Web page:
An air-conditioned room, employees in white coats, and a quiet humming sound. Is that the image of an engine production bay? Sounds more like a dental surgery. Yet this large, sterile room is the manufacturing facility at the mtu Electronics Center. Low clicking and clunking noises are coming from a large white robot. A pick-and-place machine puts miniature components weighing just 5 mg, such as capacitors, resistors and diodes, onto a printed circuit board with millimeter precision. Depending on the electronic assembly in question, between 1,500 and 2,000 parts are placed via large rolls onto the PCB, where they are soldered into place. Connections are made.
They are connections without which the vehicles would not be able to move
independently, yet which are invisible to the train driver, haul truck driver or ship’s
captain. And they’re not the only ones. The locomotive builder, haul truck maker and shipbuilder also benefit from the many thousands of connections which mtu supplies between engine and vehicle or vessel. “Without wishing to sound arrogant, no other manufacturer makes it as easy for vehicle manufacturers to install their engines into vehicles and vessels,” said Martin Gohlke, who runs Automation Systems Development at mtu. “We are not just an engine maker, we’re a manufacturer of entire drive and propulsion systems,” he added. And these systems consist of an engine and the associated automation system.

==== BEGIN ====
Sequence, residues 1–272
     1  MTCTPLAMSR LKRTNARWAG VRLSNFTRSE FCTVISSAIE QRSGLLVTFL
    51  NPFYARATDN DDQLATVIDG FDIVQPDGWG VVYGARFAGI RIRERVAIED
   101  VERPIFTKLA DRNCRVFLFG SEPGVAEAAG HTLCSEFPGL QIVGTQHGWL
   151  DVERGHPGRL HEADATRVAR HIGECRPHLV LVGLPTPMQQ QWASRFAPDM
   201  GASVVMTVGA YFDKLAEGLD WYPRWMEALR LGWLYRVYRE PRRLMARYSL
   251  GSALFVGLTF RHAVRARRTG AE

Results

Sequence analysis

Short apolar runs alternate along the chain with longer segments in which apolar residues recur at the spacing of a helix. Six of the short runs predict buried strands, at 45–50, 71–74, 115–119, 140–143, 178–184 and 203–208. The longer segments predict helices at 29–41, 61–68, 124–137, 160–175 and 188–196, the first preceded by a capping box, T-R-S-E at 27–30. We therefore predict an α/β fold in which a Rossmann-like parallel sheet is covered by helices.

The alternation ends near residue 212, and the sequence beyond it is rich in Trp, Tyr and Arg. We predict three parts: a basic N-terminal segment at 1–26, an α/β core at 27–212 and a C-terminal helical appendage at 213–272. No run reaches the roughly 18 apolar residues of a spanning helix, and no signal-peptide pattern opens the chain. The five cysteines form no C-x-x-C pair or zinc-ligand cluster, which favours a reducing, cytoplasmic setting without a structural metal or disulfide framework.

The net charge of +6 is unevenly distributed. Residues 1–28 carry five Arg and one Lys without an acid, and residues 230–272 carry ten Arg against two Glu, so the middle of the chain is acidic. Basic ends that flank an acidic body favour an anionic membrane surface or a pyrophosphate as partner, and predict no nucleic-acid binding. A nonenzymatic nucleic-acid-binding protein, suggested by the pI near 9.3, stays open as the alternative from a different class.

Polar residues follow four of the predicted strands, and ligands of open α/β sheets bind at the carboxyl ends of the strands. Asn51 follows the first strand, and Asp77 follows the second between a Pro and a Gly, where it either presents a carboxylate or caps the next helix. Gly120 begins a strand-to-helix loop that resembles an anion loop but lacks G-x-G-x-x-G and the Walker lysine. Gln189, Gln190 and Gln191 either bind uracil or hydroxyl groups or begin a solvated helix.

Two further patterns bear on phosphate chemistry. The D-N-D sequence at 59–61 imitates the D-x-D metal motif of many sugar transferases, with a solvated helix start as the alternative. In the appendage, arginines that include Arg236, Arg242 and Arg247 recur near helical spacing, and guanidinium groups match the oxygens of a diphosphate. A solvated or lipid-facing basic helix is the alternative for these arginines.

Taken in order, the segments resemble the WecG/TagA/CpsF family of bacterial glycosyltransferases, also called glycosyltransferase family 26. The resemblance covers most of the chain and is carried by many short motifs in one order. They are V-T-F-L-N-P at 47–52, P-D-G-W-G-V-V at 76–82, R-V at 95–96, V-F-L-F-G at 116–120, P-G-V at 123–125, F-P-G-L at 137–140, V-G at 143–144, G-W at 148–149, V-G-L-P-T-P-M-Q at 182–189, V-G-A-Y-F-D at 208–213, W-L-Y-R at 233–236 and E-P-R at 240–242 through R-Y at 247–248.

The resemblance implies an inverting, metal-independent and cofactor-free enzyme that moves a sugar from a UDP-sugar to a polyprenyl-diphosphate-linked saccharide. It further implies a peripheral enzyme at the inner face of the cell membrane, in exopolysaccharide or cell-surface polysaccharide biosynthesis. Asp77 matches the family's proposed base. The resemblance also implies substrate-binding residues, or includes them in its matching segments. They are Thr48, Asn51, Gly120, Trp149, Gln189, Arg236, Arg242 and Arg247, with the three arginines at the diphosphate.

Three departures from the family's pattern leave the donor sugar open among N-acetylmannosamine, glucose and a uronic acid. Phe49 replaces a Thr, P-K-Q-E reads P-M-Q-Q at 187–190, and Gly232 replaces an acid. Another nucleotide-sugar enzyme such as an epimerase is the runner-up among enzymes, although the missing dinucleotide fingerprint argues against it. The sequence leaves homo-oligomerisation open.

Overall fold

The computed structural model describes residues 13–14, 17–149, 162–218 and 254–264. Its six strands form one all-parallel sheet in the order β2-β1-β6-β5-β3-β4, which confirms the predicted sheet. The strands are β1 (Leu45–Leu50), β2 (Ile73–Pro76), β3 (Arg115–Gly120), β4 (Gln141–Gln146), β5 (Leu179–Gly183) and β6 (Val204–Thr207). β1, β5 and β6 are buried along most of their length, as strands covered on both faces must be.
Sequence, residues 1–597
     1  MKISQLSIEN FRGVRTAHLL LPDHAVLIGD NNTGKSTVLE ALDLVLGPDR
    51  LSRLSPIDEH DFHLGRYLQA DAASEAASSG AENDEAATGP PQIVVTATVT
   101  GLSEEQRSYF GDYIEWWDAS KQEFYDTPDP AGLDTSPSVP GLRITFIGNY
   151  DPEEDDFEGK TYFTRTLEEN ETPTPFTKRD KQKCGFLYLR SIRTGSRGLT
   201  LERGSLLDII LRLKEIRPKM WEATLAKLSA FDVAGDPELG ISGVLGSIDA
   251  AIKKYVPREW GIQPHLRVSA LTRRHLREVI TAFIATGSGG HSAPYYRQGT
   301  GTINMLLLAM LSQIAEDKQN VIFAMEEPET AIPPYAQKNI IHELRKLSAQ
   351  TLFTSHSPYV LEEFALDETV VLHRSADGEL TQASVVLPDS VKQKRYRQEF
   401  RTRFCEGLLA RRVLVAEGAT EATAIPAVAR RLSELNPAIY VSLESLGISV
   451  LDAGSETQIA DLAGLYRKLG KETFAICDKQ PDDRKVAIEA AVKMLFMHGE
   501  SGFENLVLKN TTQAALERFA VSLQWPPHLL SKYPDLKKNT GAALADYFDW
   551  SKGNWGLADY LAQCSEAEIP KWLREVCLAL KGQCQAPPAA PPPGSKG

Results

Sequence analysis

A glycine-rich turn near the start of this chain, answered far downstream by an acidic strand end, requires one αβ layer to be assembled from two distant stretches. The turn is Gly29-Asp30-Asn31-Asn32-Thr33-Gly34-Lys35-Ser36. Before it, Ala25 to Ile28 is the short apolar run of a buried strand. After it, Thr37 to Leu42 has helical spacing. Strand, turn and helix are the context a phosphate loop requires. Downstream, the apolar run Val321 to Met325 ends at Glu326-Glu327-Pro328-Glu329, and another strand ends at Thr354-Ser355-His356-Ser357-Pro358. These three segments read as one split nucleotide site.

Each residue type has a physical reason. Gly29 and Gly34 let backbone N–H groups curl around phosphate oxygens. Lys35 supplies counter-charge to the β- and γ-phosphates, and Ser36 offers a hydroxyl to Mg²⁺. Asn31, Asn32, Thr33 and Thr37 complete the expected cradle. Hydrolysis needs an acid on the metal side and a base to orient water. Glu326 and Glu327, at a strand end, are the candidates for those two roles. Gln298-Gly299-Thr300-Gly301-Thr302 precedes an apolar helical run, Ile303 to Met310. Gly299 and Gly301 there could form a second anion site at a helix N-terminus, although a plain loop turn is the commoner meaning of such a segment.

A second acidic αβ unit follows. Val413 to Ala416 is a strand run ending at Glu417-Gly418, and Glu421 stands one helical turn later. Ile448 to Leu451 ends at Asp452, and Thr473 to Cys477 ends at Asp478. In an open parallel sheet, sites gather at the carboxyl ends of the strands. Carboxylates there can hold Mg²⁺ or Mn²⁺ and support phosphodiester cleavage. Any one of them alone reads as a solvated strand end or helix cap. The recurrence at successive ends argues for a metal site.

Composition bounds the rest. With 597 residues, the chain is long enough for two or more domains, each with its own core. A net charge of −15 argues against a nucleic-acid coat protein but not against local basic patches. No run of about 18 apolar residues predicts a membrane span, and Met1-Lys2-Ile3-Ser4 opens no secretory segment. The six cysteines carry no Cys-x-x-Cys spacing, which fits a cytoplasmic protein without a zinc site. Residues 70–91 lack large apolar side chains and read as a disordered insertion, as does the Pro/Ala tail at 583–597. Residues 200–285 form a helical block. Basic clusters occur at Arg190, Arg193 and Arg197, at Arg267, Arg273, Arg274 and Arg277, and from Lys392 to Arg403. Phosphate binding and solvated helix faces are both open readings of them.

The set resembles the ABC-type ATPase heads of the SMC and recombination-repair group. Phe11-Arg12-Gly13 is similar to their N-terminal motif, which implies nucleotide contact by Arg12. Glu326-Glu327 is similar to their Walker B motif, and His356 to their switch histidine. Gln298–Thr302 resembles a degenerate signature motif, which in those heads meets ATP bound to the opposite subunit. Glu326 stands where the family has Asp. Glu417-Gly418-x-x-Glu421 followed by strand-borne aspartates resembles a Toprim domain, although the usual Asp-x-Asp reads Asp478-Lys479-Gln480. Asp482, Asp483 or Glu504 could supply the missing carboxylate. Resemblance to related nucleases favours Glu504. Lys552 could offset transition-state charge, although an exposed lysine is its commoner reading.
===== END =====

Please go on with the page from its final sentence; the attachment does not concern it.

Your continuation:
One simple movement – complex connections
Here’s an example: A train driver wishes his train to accelerate. In the cab, he uses
the control lever on the driver’s console to send a signal via the vehicle control system and the mtu
interface to the mtu
automation system, which receives the message, processes it and forwards it to the engine governor, which in turn passes it to the engine. That’s quite a few connections already, but there are more. Within the engine, a further complex process is set in motion: Higher speed means that more fuel and more air have to arrive in the cylinder simultaneously. At the same time, the fuel pressure has to rise to ensure the fuel atomizes better.